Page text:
1 - [(Days Between Refills - Total Days Supply)/Days Between Refills] = Adherence Rate for Quarterly Time Period
At the end of the 12-month study period, the quarterly adherence rates were averaged to produce an overall adherence rate for the study period.
- Health-related Quality of Life (HQoL) [ Time Frame: 12 months ] [ Designated as safety issue: No ]The EQ-5D is a multi-attribute, preference-based HQoL instrument. Considered a global HQoL measure, the EQ-5D is a descriptive system that classifies respondents into one of 243 distinct health states based on five dimensions (i.e., mobility, self-care, usual activities, pain/discomfort, and anxiety/depression). Each dimension has three levels, reflecting "no problems," "some problems," and "extreme problems." A scoring function assigns a value (EQ-5DIndex score) to self-reported health states from a set of preference weights that have been empirically derived. The EQ-5D's total scale (preference value) range is from 0 to 1.0. On this scale, the preference value of 1.0 represents perfect health and 0.0 represents death. Preference values less than 0 are possible, but not reflected on the scale, and reflect health states that the U.S. population consider worse than death.
- Days in Hospital [ Time Frame: 12 months ] [ Designated as safety issue: No ]
We used a standardized patient reporting approach to collect direct healthcare utilizations data, including days in hospital. A brief healthcare screening questionnaire was administered to both the intervention and control groups on a monthly basis during the one-year study period. Monthly recall periods were chosen to minimize bias and forgetfulness. The questionnaire collected the number of times each month a participant utilized a direct medical service, specifically, days in hospital, emergency department (ED) visit, outpatient visit (clinic, physician office), and home healthcare visit.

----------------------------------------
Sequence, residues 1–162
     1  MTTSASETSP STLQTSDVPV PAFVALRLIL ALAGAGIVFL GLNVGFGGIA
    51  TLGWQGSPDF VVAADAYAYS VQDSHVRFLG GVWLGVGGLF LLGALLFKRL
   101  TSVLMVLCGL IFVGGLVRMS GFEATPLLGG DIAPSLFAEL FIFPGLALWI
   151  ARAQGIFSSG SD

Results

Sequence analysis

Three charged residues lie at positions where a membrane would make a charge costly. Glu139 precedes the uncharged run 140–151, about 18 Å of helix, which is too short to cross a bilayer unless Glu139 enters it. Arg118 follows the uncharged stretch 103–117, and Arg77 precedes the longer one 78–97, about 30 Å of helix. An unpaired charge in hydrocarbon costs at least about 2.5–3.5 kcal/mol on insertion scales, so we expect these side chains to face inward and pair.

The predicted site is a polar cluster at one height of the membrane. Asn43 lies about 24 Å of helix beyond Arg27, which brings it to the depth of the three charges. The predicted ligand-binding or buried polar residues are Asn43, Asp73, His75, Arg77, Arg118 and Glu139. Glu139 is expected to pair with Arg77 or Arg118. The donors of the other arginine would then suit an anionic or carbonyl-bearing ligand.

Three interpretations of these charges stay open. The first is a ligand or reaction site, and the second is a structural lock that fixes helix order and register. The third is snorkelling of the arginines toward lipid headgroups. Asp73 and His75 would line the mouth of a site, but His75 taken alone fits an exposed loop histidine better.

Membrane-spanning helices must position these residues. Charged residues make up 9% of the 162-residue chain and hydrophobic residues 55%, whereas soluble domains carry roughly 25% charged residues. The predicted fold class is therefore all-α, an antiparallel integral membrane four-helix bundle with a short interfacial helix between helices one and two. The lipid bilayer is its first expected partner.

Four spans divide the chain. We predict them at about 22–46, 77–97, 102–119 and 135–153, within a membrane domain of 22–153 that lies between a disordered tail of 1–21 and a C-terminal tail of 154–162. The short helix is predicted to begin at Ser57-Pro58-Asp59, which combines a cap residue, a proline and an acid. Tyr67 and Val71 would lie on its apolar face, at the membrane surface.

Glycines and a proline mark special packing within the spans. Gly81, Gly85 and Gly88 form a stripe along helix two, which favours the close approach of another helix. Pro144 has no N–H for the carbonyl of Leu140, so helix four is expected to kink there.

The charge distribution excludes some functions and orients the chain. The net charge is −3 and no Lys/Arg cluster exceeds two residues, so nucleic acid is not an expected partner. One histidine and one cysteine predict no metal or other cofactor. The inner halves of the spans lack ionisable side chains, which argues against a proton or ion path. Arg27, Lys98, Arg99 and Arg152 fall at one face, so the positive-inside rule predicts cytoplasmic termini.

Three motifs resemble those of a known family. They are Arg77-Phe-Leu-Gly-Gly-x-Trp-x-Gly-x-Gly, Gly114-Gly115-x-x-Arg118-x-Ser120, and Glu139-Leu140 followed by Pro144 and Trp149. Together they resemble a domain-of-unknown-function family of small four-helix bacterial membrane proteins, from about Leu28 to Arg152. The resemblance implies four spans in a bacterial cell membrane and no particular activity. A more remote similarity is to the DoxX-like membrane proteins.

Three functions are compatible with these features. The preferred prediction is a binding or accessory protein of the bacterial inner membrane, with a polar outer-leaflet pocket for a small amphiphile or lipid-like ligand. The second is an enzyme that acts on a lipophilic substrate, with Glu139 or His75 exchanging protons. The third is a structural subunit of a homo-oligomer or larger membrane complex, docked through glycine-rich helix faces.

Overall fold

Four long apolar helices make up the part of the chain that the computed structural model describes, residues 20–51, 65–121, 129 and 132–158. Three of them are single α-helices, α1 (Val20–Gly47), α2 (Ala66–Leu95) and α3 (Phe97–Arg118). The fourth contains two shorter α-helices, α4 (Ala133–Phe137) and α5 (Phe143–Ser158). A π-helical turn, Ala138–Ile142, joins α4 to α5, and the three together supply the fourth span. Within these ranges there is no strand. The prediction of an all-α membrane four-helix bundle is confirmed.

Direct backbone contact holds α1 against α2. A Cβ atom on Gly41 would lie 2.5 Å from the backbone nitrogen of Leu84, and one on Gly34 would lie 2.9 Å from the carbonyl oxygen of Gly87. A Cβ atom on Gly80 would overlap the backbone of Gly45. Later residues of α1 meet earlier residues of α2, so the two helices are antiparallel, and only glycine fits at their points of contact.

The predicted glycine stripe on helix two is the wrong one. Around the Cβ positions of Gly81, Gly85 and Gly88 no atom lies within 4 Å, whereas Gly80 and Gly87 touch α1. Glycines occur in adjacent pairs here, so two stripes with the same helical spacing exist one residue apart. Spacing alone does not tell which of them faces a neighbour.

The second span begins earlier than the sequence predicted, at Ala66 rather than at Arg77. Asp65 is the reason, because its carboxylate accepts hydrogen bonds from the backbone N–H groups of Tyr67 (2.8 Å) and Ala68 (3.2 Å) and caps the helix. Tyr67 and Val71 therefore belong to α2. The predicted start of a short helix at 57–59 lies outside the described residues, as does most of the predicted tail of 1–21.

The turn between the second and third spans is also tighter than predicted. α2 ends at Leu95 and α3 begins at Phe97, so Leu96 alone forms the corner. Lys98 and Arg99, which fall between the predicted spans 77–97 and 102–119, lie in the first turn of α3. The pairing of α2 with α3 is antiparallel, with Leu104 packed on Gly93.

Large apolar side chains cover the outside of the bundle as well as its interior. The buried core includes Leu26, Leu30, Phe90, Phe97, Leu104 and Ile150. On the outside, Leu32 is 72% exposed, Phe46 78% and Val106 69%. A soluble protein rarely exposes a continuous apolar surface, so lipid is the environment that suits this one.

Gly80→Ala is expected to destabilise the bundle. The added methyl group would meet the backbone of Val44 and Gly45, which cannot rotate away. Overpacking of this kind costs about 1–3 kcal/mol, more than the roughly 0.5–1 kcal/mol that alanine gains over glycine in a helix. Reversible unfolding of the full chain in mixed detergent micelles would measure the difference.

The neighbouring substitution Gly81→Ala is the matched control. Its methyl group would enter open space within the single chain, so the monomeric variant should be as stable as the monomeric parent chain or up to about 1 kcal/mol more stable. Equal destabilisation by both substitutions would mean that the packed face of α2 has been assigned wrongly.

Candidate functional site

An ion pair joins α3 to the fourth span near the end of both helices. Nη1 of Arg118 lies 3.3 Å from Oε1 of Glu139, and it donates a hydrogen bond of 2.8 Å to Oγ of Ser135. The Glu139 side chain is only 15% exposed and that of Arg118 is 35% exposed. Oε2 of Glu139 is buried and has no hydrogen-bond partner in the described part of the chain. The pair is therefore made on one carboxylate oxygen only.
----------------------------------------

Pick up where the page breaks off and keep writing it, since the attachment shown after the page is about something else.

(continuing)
Analysis compared proportion of each group who had at least one day in hospital during the 12-month study period.
|Study Start Date:||January 2010|
|Study Completion Date:||June 2013|
|Primary Completion Date:||September 2012 (Final data collection date for primary outcome measure)|
Experimental: Intervention Group
Behavioral contract intervention
Behavioral: Behavioral Contract
Intervention activities were performed by a study clinical pharmacist. Behavioral contract goal was achieving and maintaining IST adherence. Other components of the contract addressed: (a) motivation(s) or positive reinforcement for achieving IST adherence; (b) problems or barriers that may interfere with achieving IST adherence and possible solutions to overcome problems/barriers; (c) social support available to the RTR such as a significant other who may assist the RTR in following the IST dosing schedule; (d) tools/strategies the RTR may use to remind himself/herself to follow the IST dosing schedule; and (e) possible consequences of IST nonadherence (e.g., graft loss).
No Intervention: Control Group
|United States, Arizona|
|University of Arizona College of Pharmacy|
|Tucson, Arizona, United States, 85721|
|Principal Investigator:||Marie A Chisholm-Burns, PharmD||University of Tennessee College of Pharmacy|